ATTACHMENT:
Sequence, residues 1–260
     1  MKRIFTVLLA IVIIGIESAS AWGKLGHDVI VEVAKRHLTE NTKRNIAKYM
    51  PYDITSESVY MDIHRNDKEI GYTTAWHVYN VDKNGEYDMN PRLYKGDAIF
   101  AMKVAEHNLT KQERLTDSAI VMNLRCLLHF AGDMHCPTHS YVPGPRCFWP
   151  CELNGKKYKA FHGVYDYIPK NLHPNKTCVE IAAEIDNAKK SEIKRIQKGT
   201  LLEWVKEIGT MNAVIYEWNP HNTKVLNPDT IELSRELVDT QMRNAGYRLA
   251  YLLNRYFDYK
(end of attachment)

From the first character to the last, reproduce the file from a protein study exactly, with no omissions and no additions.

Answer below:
Sequence, residues 1–260
     1  MKRIFTVLLA IVIIGIESAS AWGKLGHDVI VEVAKRHLTE NTKRNIAKYM
    51  PYDITSESVY MDIHRNDKEI GYTTAWHVYN VDKNGEYDMN PRLYKGDAIF
   101  AMKVAEHNLT KQERLTDSAI VMNLRCLLHF AGDMHCPTHS YVPGPRCFWP
   151  CELNGKKYKA FHGVYDYIPK NLHPNKTCVE IAAEIDNAKK SEIKRIQKGT
   201  LLEWVKEIGT MNAVIYEWNP HNTKVLNPDT IELSRELVDT QMRNAGYRLA
   251  YLLNRYFDYK